A little over a year ago, China’s heroic blind lawyer, Chen Guangcheng, escaped from house arrest, eventually fleeing to the United States with his wife and child. The Chinese government is now retaliating against the members of his family who remain in China.
This morning, Chen’s elder brother, Chen Guangfu, was riding his motor bike about two miles away from his house. Suddenly, a black car with no license plates came to an abrupt halt in front of him, forcing Guangfu to stop. Then two young men dressed in black jumped out and began assaulting Guangfu, hitting him in the head and chest, then kicking him. When they had finished beating him, they ruined his motor bike, then drove away.
Guangfu called the police, and as they were questioning him about the incident, he saw the car and pointed it out, says Bob Fu, the president of ChinaAid and a friend of Chen Guangchen. The police did nothing, Fu says — no surprise, as such incidents are doubtless government-instigated.
Chen Guangfu told the South China Morning Post that “I don’t know whether they are trying to end my life,” adding that “they can’t do anything about Guangcheng, so they are taking revenge on me.”
This is not an isolated instance, either. Chen’s nephew, Chen Kegui, was sentenced to 39 months in prison after he defended himself with a knife, wounding authorities who raided his house last year after they’d discovered Chen’s escape. Kegui was recently diagnosed with acute appendicitis, but he’s being refused medical treatment beyond antibiotics, which potentially endangers his life. Kegui has also suffered beatings during his time in prison, his father has reported.
And since late April, thugs have assembled late at night, throwing rocks, bricks, and beer bottles at the home of Chen’s elder brother. They’ve also hurled dead chicken and ducks (at a time when dozens of Chinese have reportedly died from bird flu) and paper money (traditionally burnt for the dead). Finally, posters have been distributed near Chen’s family members calling him a traitor, a collaborator with the U.S. and Japan, and a supporter of Taiwanese and Tibetan independence.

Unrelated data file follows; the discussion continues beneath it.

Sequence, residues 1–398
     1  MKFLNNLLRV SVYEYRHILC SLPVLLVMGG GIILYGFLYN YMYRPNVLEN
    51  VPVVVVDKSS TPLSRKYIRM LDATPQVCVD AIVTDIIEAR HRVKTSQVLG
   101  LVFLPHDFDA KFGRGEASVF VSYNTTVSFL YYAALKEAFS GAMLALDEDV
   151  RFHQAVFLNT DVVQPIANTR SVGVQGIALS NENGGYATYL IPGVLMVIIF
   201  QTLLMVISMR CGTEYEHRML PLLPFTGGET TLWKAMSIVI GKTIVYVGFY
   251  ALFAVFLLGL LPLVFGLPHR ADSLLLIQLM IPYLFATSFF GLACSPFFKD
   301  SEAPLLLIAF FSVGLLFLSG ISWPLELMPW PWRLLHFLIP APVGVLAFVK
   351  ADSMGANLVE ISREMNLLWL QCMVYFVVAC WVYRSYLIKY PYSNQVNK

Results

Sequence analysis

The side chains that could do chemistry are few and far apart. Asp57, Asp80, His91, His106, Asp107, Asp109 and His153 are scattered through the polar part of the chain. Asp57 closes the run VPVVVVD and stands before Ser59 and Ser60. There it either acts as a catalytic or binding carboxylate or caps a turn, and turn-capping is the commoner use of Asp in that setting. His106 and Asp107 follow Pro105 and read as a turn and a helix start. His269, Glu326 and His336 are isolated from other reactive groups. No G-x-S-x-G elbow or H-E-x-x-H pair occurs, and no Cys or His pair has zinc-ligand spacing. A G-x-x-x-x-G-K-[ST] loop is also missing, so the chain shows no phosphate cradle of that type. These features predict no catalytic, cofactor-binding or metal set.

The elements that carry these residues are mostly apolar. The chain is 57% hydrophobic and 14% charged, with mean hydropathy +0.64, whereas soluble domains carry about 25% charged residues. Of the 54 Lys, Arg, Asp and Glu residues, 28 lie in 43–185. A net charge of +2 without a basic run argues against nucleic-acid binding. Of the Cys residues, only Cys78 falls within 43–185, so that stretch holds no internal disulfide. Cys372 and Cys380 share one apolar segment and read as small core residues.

The irony, of course, is that Chen first found himself on the wrong side of the government while attempting to uphold China’s own laws. A self-taught lawyer, he took on cases others feared to touch, fighting for the rights of the disabled and for victims of forced abortions and sterilizations. But he did so within China’s existing legal framework, and the fact that this made him a political target says as much about Beijing as it does about Chen’s courage.
Secretary of State John Kerry, Deputy Secretary of State Bill Burns, and Ambassador Gary Locke have reportedly brought up the Chen family’s treatment in official talks.
“That’s a positive step taken by the State Department on the side,” Fu says. “But the White House has still been largely silent, has not spoken or issued a statement about what’s going on to Chen’s family members. That’s not, I think, a good sign.”
Speaking at the New York City Bar Association in February, Chen Guangcheng said: “When an injustice happens, we cannot worry about the adverse consequences of speaking out.” The price of his moral stand is rising by the day.